I especially wanted to give them a shout-out today because as I've been going through my laundry list of records I need, I found in their index two certificates I have been searching for for YEARS - the birth certificate of my great grandfather, Frederick Stutzmann (listed under Fred Stutzmann) and the death certificate of HIS grandfather, Peter Stutzmann, who I could never prove emigrated or died in New York City instead of his native Germany, even though I had somewhat reliable information saying he died in New York on January 10, 1891. Well, thanks to a search just 5 minutes ago on IGG's site, I found a Peter Stutzmna who died in Brooklyn on January 10, 1892. I can't know for sure yet that this is MY Peter, but my gut is telling me that it is, and when it comes to genealogy, my gut is always, always right.

You can find the Italian Genealogical Group's website here.

Monday, October 10, 2011

Doing your genealogical laundry

Laundry isn't fun - it involves a lot of sorting and organizing and gathering and folding, which is the WORST - luckily, genealogical laundry doesn't involve the folding part, but sometimes, researching your family tree isn't about making new, exciting discoveries. Sometimes it's about just the nitty-gritty, the mundane task of figuring out what it is that you have and finding out what it is that you need. And not even in the sense of "Who was Great grandpa's parents?" In the sense of "I know everything there is to know about Great grandpa, now what documentation do I need to back that up?"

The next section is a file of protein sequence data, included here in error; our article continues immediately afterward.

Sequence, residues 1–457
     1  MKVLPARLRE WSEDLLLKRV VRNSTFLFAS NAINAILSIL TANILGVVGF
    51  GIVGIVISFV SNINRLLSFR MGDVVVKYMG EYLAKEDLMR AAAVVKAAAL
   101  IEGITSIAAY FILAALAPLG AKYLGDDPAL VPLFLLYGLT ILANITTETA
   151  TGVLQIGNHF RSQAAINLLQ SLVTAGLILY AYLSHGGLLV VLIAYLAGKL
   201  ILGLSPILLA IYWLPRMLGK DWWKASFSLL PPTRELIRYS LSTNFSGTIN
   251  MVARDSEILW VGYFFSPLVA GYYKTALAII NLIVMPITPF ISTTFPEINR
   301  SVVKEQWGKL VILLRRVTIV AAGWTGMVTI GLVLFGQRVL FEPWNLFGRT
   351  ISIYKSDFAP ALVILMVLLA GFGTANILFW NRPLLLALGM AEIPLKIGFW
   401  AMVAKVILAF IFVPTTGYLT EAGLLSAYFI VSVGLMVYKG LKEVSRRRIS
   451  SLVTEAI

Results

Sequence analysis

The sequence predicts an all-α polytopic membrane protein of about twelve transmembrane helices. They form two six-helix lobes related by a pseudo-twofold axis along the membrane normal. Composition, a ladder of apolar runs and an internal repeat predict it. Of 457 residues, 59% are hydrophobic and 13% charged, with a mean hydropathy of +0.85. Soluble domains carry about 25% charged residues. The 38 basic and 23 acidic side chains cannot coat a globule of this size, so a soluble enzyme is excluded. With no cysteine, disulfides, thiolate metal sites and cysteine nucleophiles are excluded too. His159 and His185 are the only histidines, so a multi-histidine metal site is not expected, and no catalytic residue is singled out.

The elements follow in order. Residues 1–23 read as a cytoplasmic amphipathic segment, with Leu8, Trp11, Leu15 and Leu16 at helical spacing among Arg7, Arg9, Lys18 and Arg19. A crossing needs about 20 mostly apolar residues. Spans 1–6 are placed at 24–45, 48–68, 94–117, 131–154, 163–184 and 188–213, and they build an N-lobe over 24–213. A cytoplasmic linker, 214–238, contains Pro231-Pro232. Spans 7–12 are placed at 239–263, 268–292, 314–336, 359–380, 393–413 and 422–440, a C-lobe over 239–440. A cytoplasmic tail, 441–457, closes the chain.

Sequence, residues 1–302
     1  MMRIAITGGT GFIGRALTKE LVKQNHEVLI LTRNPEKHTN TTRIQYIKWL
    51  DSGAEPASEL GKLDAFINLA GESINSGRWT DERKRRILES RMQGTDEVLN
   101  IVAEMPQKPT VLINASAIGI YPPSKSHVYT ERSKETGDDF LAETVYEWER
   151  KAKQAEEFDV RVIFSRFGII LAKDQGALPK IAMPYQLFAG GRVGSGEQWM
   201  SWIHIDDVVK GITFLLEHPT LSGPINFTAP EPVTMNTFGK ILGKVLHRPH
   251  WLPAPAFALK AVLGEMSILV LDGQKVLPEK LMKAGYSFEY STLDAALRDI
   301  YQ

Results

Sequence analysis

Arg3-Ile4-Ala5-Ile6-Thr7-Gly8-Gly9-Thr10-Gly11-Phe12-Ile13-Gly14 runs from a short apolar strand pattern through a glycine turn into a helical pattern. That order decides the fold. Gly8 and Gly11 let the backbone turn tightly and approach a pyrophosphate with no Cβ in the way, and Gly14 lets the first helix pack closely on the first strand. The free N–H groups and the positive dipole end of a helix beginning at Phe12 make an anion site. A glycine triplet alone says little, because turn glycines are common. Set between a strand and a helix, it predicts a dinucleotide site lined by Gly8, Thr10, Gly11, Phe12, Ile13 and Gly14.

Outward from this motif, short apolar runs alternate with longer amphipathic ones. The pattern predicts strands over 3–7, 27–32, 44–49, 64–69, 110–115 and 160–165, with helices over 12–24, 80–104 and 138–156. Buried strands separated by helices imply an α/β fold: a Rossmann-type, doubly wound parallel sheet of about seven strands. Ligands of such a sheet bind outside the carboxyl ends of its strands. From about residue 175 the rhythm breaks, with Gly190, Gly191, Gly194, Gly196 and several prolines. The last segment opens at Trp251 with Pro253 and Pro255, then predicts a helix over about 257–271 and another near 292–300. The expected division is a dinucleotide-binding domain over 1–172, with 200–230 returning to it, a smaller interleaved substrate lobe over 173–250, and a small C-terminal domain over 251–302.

Lately I've been floundering, family history-wise. I have a lot of loose threads, a lot of incomplete information, a lot of new, exciting paths to continue down, but a lot a lot A LOT of rounding out the picture of people I've researched for years and know all the facts about but none of the story in between. It's been overwhelming and honestly, boring, all at the same time, and so I've just ignored it. Ignored it, ignored it, ignored it, and during Family History Month, too! ::shakes head::

So today I'm making a list, a laundry list if you will. I decided to check out the Italian Genealogy Group's website and it turns out they've added some new records to their index, and so I decided to look back at my own records and see what was missing. Some people I have death dates for because I found an obituary, but I have no death certificate. Some people I have a birth date for because of a census record but I have no birth certificate. I'm  concentrating on my Queens-Brooklyn-Manhattan crew because city records are easier for me to get my hands on than Long Island records, but there are a lot of important corroborating records missing from my collection. And now that I have my list and can see the gaps, I can go about filling them in.

It's not the exciting work, but it's the necessary work...

Wednesday, October 5, 2011

Wordless Wednesday - John Ricklefs, 1936

Not great quality, but a photo of John Ricklefs - looks like he might even be wearing glasses - from the Feb. 7, 1936 issue of The Hartford Courant, now aged 50 years, upon his return to Connecticut after serving about 13 years, 7 of those in solitary confinement, in prison in Massachusetts more words! :)